Almost everyone knows the musical story of "Peter & The Wolf" by Sergei Prokofiev. Peter and the Wolf is a great introduction to the orchestra and the various orchestral instruments. Each character is represented by a different orchestral instrument and a different melody. This is an interesting way to begin to learn about orchestral music. The Bird's Theme is played by a Flute, the Duck's Theme is played by an Oboe, the Cat's Theme is played by a Clarinet, the Grandfather's Theme is played by the Bassoon, the Wolf's Theme is played by French Horns, the Hunter's Theme is played by the Timpani, and lastly, Peter's Theme is played by the Strings in the orchestra.
Karl Garrett has undertaken the formidible task of realizing the entire Peter and the Wolf score. In addition, his wife Joani has narrated the entire story and did a fantastic job. I really like hearing a woman's voice doing the narration for this time-honored classic (this may be a first).
Karl, tremendous job! Sounds like a real orchestra. Did you play those parts in? Step entry? Tell me, tell me! And Joan (my wife's name is Joan also ), Your Voice Over is exactly spot on...just perfect for what this project needs, IMHO. I see no reason why your CD of "Peter and the Wolf" wouldn't be a great success (an audio book?). Since Gary said that you guys are looking for input for how to make this rendition better, I will offer my 2 cents if you don't mind too terribly.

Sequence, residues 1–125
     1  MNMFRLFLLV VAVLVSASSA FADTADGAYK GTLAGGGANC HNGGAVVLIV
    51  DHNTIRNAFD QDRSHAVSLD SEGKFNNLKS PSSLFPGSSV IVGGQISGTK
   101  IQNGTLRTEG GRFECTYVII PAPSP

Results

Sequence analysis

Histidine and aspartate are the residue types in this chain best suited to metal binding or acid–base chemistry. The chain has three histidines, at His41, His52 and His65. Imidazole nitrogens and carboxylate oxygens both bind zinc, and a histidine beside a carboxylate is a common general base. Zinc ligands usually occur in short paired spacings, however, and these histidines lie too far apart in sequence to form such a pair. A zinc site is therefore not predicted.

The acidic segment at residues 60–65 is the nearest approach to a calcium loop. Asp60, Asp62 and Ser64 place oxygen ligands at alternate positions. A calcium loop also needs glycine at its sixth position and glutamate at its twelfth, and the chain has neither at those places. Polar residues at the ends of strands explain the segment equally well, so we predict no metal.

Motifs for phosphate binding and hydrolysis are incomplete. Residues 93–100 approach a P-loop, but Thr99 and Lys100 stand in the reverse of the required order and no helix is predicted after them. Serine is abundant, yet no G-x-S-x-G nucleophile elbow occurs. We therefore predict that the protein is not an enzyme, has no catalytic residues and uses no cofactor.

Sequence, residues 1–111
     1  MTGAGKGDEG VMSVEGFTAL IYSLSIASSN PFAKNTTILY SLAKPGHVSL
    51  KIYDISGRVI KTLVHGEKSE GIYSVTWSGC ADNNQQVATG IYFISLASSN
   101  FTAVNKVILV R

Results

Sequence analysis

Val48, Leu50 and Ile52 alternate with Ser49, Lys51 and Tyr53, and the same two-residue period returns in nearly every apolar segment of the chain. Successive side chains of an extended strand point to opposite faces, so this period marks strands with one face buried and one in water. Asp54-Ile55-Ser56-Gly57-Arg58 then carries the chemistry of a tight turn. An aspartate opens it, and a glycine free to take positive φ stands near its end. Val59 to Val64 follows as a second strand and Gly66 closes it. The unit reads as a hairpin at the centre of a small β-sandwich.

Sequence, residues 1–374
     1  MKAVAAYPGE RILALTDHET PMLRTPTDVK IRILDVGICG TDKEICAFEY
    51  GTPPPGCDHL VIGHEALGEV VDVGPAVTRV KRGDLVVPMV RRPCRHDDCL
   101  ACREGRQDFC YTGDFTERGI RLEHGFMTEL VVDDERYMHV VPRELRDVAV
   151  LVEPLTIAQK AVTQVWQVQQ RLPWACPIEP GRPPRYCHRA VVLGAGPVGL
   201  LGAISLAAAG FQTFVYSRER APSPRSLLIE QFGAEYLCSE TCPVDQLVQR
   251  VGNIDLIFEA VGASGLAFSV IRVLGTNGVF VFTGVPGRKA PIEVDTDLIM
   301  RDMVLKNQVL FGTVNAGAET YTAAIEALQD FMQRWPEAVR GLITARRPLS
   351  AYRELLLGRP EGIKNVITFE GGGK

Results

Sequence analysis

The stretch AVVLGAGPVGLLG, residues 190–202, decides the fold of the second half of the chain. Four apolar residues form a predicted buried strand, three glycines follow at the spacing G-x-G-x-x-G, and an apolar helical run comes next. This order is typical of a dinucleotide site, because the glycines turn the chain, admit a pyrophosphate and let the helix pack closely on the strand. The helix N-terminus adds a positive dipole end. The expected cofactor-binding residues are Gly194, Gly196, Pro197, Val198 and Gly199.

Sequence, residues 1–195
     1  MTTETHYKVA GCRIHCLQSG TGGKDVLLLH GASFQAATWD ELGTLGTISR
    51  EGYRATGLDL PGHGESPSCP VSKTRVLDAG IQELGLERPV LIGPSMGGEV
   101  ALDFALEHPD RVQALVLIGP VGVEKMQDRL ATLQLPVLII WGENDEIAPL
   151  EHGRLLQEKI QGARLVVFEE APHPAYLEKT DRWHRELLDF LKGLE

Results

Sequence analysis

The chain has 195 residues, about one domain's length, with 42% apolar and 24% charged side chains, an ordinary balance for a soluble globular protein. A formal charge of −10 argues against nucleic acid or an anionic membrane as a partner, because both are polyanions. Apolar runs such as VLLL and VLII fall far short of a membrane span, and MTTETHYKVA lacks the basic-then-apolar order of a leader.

I listened to the whole thing at a soft-to-moderate volume. What I observed was that there is a huge dynamic range in your rendition. While this is natural in orchestral performances and many old-school classical recordings, a story with V/O, I believe, calls for a different view of overall dynamics. In this case we have the soft parts way too soft and the loud parts way too loud. Moreover, Joani's voice, in contrast, comes across as way too soft when she is up against the louder sections of the music. I felt the need to reach for the volume control on my sound system (vintage JBL Studio Monitor 4406's) and turn her up, but then the horns would knock me back against the wall, and I had to crawl back and turn the volume dial back again. Well, that was a too dramatic accounting, I admit, but I think you probably know what I mean.
Now, how to fix the dynamic range? Well, there a lot of people on this forum who are much smarter than me when it comes to these things. But if people will pitch in and help us out here, I suspect that you will be getting advice about dynamic compression tools (possible of course in either hardware or software plugins). If you already know about all this stuff, then by all means I encourage you to experiment further with this rendition of P&TW. But one resource is Mix Magazine (they are also on line), or maybe even EQ Mag (they are also published by the same corp as Keyboard Mag).
Good luck! This is great!!
Hi Karl, thanks for checking up on me. I have been swamped with the piano Concerto that I am doing, so I have only checked the forum but have not posted much, certainly only because I am pressed for time. Thank you for your concern, you're the best!
Daag Nabbot brings up a good point,.... the dynamics are too much, but as you know, compression is not the way to fix it, that would be the lazy thing to do. Compression would definately minimize the excessive volume peaks, but it would ruin the Altiverb breathing. I would simply go back and perform some fader automation on the "master" in DP.
Excellent job too!
Did your friend ever get over his cough.